"Good flirting is always respectful."

Nervous? Tell her! "That can actually be such a charming thing to say to a woman," Koch says. "Think of being on a date..and you're so nervous around her. Then she says to you, 'I have so much anxiety right now because I think you're really beautiful.'…That's so flattering."

Women are used to being objectified by strangers, so complimenting who they are as a person will go a long way. "Good flirting is always respectful," Koch says, regardless of gender.

The basics of good flirting, Adams reminds us, is confidence, eye contact, and intimacy. "Try to understand what you are feeling at the moment and what would attract you as a woman to another woman," she says. 

Remember: Consent is necessary and sexy. If you want to kiss them, look at one eye, then the lips for a few seconds before moving back to the other eye. This lets them know you're interested, Koch says. "Then you can gauge the reaction and ask, 'I want to kiss you, Is that okay?' or 'I'm not going to kiss you until you give me consent.'" Taking the guesswork out of it builds trust, which is a massive turn-on. 

The 'gal pal' trap 

I have friendzoned myself with women I fancied, deciding to settle for what I was used to: secret admiration. It was only when a woman I had given the "we should totally go for coffee or hang out sometime!" spiel to replied saying: "You're really hot, do you want to go on a date?" that I realised I didn't have to resign myself to friendship with people I'd quite like to date. Making this shift isn't easy. After all, how do you signal to other women that you're not complimenting them in a drunk-girl-in-the-toilet way, but in an I-fancy-you way? 

"Female friendships are so deep," Annie says, "I think it's quite easy to convince yourself that maybe it's just friends, you know, maybe they're not really that interested."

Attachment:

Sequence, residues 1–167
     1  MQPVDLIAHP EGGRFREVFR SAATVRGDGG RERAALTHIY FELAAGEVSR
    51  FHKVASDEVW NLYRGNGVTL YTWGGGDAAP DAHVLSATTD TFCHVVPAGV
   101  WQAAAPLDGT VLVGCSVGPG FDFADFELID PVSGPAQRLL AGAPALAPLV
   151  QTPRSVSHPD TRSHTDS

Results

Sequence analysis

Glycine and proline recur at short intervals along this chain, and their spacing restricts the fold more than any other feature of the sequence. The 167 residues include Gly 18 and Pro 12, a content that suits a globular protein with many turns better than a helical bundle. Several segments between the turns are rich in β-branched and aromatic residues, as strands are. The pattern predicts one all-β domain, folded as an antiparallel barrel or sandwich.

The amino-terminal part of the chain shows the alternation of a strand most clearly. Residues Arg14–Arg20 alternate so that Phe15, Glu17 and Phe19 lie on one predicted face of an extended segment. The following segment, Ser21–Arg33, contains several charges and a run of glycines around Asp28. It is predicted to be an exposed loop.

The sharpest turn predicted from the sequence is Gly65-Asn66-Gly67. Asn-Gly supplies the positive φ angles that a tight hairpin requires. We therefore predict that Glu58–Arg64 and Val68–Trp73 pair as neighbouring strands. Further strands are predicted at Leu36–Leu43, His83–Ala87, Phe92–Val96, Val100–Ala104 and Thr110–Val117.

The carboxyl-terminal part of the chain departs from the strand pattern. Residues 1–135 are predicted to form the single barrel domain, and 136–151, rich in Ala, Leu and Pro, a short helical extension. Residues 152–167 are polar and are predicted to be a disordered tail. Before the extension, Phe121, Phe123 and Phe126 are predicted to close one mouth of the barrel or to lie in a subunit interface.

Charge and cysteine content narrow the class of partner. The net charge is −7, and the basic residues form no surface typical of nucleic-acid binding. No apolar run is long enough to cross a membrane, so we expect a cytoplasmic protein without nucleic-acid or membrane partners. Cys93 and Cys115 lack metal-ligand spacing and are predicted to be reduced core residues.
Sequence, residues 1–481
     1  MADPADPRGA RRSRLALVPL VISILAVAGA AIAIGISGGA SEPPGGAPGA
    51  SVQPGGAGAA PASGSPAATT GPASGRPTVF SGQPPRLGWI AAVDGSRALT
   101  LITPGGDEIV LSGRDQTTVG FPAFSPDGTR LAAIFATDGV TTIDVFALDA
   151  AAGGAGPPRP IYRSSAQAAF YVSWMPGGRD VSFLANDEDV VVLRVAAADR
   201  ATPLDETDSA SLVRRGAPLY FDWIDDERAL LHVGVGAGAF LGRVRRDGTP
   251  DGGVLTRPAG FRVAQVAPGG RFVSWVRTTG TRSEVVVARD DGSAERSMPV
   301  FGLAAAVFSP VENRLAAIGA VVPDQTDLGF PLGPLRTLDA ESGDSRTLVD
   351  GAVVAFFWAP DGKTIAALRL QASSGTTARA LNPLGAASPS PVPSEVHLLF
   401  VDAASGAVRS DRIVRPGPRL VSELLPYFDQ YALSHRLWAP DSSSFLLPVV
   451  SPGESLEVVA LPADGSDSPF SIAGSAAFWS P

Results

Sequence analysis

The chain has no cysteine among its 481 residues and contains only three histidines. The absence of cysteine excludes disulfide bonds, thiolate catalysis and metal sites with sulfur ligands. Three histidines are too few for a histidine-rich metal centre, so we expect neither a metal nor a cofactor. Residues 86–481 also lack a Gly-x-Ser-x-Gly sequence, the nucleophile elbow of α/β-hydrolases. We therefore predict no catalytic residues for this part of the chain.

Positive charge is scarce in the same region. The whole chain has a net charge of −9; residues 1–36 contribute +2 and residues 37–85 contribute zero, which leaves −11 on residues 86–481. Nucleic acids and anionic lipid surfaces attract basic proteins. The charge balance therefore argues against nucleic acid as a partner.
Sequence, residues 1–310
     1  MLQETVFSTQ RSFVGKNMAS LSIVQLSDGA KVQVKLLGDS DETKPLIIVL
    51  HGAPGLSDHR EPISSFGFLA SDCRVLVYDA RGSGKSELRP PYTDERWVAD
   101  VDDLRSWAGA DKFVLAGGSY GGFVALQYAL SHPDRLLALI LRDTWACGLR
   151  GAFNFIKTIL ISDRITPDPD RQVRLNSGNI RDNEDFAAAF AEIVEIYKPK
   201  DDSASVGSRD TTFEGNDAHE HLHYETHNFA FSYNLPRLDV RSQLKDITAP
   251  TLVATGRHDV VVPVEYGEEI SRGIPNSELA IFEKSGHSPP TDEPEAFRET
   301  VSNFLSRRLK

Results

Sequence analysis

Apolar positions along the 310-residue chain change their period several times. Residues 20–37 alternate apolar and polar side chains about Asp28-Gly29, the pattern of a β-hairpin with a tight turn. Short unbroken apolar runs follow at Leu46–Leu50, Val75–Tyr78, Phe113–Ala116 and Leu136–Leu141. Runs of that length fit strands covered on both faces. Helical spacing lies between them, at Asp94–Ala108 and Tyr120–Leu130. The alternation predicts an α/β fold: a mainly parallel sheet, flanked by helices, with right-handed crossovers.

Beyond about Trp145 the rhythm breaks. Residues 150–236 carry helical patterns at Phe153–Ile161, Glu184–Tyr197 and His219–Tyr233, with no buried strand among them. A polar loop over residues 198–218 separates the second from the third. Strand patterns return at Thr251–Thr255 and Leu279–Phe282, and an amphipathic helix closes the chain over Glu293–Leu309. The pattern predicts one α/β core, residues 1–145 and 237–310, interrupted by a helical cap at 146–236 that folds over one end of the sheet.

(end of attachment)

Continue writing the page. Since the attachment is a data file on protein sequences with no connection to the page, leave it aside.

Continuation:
SEE ALSO: I'm a bisexual woman and I don't know how to date men

As a "subtle flirt," Megan has also felt this confusion. "Unconditional support for your fellow woman is fantastic until you’re trying to figure out if a woman is flirting back or just being kind."

To make the distinction clear from your end, it's all about intention and inflection, according to the TikTok girlies. Popular advice is to lower the register of your voice when giving a compliment. Essentially, you want to do less "oh my gosh, you're really pretty" and more "wow, you look really good tonight."

If you spot someone you fancy at, say, a bar, you don't need to jump right into Miss Smooth Talker. Koch recommends that you start slow, and maybe offer them a drink. Forcing the flirt is not going to be enjoyable for anyone, but when you are feeling confident, a simple direct question will go down a treat. If you're too shy, Koch recommends trying something like "'I've really enjoyed talking to you. Can I give you my phone number?"

Texting can also help to establish a flirty vibe. "Send a short text, which is funny and light-hearted, you can understand what they think and want," Adams says. 

SEE ALSO: TikTok's algorithms knew I was bi before I did. I'm not the only one.

If you can't work out whether she's being nice or flirty, try to get out of your head and focus on the classic flirting signals, which Koch says look like blushing, touches, prolonged eye contact and compliments. 

"You should try to treat them differently, more special than the others," Adams adds. 

Sometimes, people flirt and don't mean anything by it. The fear of flirting with a straight woman can hold baby queers back. 

Wait, is she queer? 

There's only one way of knowing for sure whether someone is queer: asking them. Yet if the thought of asking a woman if they like women feels you with fear, Koch recommends joining a dating app, where it's almost a guarantee that people you swipe past want to date women. This helped me take the first step; knowing that they had matched with me because they found me attractive and wanted to romantically date me took the pressure off. If virtual dating isn't your thing, head to a gay, lesbian or queer bar. 

Opening her dating app preferences to women helped Annie realise that her profile had been “geared towards what men find attractive.” While queer profiles had more 'kind' pictures of women with plants, straight profiles looked more 'Instagrammy.'

"It did feel like ‘oh, there's, there's a whole different way to date here.’ Like, I don't have to be the hottest version of myself at every given second, I can just exist," she added. After university, she made her profile "goofier" and more authentic.